Friday, February 18, 2011

new life

Angelique, a Belted Galloway cow, presented the first of the new crop of calves this morning, a little heifer which, when I first saw it, was curled and looking for all the world like a very small black hole in our top paddock. There is nothing like a birth to remind you of the possibility of perfection here on Earth, but it is a grounded view of perfection, reminding us of the heavy cycle of life and death that we often pretend to ignore as sophisticated people- often living on the protein from these creatures without ever giving any thought to their dignity as fellow sentient beings.

You can't live with a herd of cattle without becoming aware of their sensitivity towards each other, their social relationships, their capacity to feel quite complex nuances of emotion, in general quite a few of the things that we regard as especially human. The more we concentrate ourselves in cities, the more abstract these lives become to us and the less we care to know about the grubby details of their lives and deaths- the births and the slaughter.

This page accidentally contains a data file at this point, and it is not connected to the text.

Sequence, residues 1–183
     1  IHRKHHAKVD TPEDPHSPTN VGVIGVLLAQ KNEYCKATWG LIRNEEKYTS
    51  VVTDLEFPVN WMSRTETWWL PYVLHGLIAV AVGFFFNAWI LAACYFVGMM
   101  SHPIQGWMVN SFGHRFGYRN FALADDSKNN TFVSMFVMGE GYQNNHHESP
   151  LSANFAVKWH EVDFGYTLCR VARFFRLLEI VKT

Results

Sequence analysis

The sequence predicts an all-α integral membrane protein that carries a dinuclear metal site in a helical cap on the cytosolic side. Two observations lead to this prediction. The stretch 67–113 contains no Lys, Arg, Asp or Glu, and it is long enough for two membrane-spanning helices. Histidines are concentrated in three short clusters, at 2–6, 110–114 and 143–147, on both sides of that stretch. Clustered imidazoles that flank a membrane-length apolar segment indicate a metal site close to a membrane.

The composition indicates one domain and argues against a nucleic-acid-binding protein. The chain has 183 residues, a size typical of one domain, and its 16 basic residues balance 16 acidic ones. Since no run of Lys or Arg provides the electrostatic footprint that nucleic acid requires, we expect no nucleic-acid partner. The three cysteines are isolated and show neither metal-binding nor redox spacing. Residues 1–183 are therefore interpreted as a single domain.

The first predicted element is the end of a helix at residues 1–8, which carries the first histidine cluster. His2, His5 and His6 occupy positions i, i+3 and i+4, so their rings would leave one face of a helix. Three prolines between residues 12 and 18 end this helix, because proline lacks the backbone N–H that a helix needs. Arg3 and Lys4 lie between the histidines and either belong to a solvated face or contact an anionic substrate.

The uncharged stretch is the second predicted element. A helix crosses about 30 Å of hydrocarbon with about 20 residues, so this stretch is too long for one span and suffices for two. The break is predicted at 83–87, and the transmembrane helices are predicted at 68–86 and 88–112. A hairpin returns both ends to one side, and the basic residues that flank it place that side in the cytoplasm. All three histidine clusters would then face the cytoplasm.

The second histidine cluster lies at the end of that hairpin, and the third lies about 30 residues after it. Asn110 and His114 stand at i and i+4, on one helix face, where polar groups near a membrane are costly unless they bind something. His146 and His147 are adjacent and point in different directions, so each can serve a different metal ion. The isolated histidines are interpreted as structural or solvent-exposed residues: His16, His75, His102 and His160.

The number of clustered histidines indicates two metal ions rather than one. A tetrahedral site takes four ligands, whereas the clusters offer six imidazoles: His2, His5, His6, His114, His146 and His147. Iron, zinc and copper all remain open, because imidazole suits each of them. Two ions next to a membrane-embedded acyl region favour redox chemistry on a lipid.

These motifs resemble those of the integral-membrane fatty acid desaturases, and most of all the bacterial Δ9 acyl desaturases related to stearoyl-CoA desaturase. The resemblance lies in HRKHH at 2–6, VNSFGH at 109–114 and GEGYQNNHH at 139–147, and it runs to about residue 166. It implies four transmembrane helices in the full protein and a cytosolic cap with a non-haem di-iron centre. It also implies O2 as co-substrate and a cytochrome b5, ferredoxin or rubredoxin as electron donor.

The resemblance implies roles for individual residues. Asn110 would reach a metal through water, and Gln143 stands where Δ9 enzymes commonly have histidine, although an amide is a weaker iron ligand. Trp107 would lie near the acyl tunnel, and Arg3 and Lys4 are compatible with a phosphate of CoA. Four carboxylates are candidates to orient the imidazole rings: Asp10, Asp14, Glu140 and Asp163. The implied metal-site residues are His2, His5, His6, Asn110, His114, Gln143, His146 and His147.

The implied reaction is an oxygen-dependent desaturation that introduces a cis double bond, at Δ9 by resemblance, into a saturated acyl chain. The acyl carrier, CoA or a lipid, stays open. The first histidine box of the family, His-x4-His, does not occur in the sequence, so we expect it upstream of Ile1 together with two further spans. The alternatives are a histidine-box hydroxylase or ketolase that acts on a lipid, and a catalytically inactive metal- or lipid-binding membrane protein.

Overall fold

I walked over to this sweet little thing with the tools in hand to steal it's sex if I found it to be male- because if that was it's gender, the only future he would have would be to live and grow until big enough to be eaten. As it happens, she was not a bull calf, so she has some chance of living into maturity and having calves herself.

Tonight, wondering if the other cows might be ready to calve, we walked up to the little mob with a nagging doubt about the new calf. She was calm and quite self-possessed, but we hadn't seen her suck. Moving quietly amongst them- with the sort of supportive interest shown by all the other cattle (even the steers), I moved them about to see if the calf would take refuge at the milky place under it's mum, but she still hadn't connected with the working bits.

The defining, memorable moment for me came when, at the right time, I gently lifted the front of the calf and put the teat into her mouth. Half a ton of cow stood stock steaming still next to me, seeming to know my intentions and trusting my interference. We three soon leant into each other as the calf eventually got the hang of it and the cow made soft noises. It was all I could do not to make soft noises too.


  1. live on farm for three years
    lovely piece of writing

  2. Thanks God she is a female because it's hard to think that such a sweet being would end her days become burguers........ :(
    A hug